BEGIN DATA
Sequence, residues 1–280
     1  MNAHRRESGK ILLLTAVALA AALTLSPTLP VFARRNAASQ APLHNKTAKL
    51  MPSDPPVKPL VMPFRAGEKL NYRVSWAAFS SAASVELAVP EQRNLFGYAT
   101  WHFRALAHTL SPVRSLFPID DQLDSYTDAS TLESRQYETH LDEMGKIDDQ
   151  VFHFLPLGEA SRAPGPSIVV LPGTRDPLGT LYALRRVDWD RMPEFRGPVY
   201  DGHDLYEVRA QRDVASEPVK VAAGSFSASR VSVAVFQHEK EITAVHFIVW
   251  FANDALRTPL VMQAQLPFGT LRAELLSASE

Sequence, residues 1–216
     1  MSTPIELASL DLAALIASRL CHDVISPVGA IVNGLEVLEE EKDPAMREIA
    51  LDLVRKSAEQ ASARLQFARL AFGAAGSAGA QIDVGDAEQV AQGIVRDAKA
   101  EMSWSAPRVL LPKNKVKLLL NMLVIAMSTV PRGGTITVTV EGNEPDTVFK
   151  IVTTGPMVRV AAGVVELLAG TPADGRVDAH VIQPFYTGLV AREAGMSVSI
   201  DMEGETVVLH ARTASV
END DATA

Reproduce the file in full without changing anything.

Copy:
Sequence, residues 1–280
     1  MNAHRRESGK ILLLTAVALA AALTLSPTLP VFARRNAASQ APLHNKTAKL
    51  MPSDPPVKPL VMPFRAGEKL NYRVSWAAFS SAASVELAVP EQRNLFGYAT
   101  WHFRALAHTL SPVRSLFPID DQLDSYTDAS TLESRQYETH LDEMGKIDDQ
   151  VFHFLPLGEA SRAPGPSIVV LPGTRDPLGT LYALRRVDWD RMPEFRGPVY
   201  DGHDLYEVRA QRDVASEPVK VAAGSFSASR VSVAVFQHEK EITAVHFIVW
   251  FANDALRTPL VMQAQLPFGT LRAELLSASE

Sequence, residues 1–216
     1  MSTPIELASL DLAALIASRL CHDVISPVGA IVNGLEVLEE EKDPAMREIA
    51  LDLVRKSAEQ ASARLQFARL AFGAAGSAGA QIDVGDAEQV AQGIVRDAKA
   101  EMSWSAPRVL LPKNKVKLLL NMLVIAMSTV PRGGTITVTV EGNEPDTVFK
   151  IVTTGPMVRV AAGVVELLAG TPADGRVDAH VIQPFYTGLV AREAGMSVSI
   201  DMEGETVVLH ARTASV